Hail Mary: Aaron Rodgers Makes the Pass

After a big second-half comeback, all looked lost for Aaron Rodgers and the Green Bay Packers when they got the ball for their final possession.

DETROIT – For three hours and 15 minutes, Aaron Rodgers experienced mostly frustration.

And then, in the span of about four-and-a-half seconds, it was unspeakable exhilaration.

Rodgers’ 61-yard Hail Mary to Richard Rodgers gave the Green Bay Packers an improbable 27-23 victory over the Detroit Lions on Thursday night.

“This one, obviously, ranks up there as one of the greatest joys on the field that we’ve had together as a team and personally,” Aaron Rodgers said.

When Rodgers walked on the field for their first possession of the second half, they were staring at a 20-0 deficit. They had 78 yards and no third-down conversions and had reached the Lions’ side of the field just once.

Then came an improbable comeback for a Packers’ offense that had suffered through the insult of several poor performances and the injury of three of its starting linemen.

Still, all looked lost. Rodgers’ 17-yard touchdown run had brought the Packers within 23-21 with 3 minutes to go, but the Lions converted a third-and-12 to burn away most of the time. The Packers took possession at their 21 with 23 seconds to go. Deep incompletions to Randall Cobb and Jared Abbrederis left just 6 seconds on clock. Rodgers’ pass was caught by James Jones, who lateraled to Richard Rodgers who lateraled to Aaron Rodgers, who was tackled by Devin Taylor at the 23-yard line. Taylor, however, was flagged for a facemask, giving the Packers an untimed down from Detroit’s 39. Wide receivers Abbrederis, Davante Adams, Cobb and Jones were joined by tight end Richard Rodgers.

“I knew I was going to have to buy some time,” Aaron Rodgers said. “They rushed three guys. In that situation, a lot of times we practice it from like the 50 or maybe the 45. I knew we were around the 40. I knew I was going to have to buy some time to allow them to get in the end zone. I felt good about throwing it in the end zone from the 40, so I was just kind of looking at the rush and moving around. The guys did a good job of holding their blocks, and I knew once I got outside the right, I was going to be able to set up and throw. It was just about finding the 40 and stopping before that, and putting enough height for my guys to get in the end zone. I was looking at Davante after I threw it, and I was pretty excited to see Richard jump in there and catch it.”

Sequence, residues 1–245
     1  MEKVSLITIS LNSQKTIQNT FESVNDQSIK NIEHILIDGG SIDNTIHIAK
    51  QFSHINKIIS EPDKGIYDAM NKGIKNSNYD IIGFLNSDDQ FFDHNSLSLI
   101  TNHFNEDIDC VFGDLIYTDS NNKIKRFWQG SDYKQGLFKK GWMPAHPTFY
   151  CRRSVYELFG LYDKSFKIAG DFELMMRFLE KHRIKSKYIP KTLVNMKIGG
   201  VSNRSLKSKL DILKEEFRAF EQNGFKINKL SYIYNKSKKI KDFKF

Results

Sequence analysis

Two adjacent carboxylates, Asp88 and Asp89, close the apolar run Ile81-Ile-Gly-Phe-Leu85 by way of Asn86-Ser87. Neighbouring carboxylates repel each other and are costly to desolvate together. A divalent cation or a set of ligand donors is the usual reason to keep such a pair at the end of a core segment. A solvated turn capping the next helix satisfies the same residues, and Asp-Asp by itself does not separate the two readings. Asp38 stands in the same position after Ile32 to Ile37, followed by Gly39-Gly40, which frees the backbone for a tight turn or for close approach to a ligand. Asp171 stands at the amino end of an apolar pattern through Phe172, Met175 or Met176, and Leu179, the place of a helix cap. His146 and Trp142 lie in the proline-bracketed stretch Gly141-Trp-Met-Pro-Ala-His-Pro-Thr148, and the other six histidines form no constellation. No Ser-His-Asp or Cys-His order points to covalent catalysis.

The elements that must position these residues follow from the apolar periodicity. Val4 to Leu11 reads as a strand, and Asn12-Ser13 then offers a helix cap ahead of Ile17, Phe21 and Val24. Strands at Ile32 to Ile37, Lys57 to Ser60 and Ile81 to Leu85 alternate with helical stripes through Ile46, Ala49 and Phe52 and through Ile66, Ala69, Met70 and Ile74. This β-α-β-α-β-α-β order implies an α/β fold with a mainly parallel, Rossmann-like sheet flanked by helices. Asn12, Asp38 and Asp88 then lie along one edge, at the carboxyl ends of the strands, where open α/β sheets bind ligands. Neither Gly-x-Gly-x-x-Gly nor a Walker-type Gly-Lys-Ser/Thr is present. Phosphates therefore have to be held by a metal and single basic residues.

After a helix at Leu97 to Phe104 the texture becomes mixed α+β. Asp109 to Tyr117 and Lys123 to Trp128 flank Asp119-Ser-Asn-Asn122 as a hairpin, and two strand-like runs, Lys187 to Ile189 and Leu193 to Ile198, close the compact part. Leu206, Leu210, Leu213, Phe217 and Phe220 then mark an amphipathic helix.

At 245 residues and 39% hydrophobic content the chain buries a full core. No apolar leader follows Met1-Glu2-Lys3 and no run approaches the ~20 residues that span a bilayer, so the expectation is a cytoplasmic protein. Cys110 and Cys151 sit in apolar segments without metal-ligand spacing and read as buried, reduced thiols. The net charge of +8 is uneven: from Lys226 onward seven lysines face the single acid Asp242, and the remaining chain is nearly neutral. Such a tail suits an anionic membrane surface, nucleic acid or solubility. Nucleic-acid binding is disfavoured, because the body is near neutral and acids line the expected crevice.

Rodgers said there wasn’t any discussion before the final play. Only a bit of confusion.

“My guys had just run three vertical routes,” he said. “They were exhausted. We were trying to line up again, guys were a little confused because we hadn’t run that play out of our four receivers and a tight end set. Usually we have a back in there that kind of helps block, so to my surprise, as I got back in the shotgun, I see Davante going in motion. So, I was looking at the play clock to make sure we got it off in time and, as we snapped it, I was just trying to find a space to throw it. I knew the 30 was kind of stretching it, so I knew if I could get some space and get closer to the 40, that I was going to be able to get it to the end zone.”

While the Packers might not have practiced a Hail Mary with that personnel group, they sort of practiced the play before the game.

“In the pre-pregame warmups, I was out there messing around and I threw kind of some moonballs to Richard as high as I could,” Rodgers said. “Not 60 yards in the air, but kind of some moonballs to him. He caught two out of three, so I’m glad he made it three out of four.”

The touchdown provided a happy ending for the Packers, who had lost four of their last five, and for Rodgers, who turned 32 on Wednesday and had just suffered through the worst statistical month of his brilliant career. This present will live forever on his list of career memories.

“Chicago, coming back from the collarbone (in 2013) and hitting Randall on that fourth down is pretty special,” Rodgers said. “This one’s going right to the top, right below the feeling when the ball hit the ground on fourth down there in the Super Bowl.”

Bill Huber is publisher of PackerReport.com and has written for Packer Report since 1997. E-mail him at packwriter2002@yahoo.com or leave him a question in Packer Report’s subscribers-only Packers Pro Club forum. Find Bill on Twitter at www.twitter.com/PackerReport.

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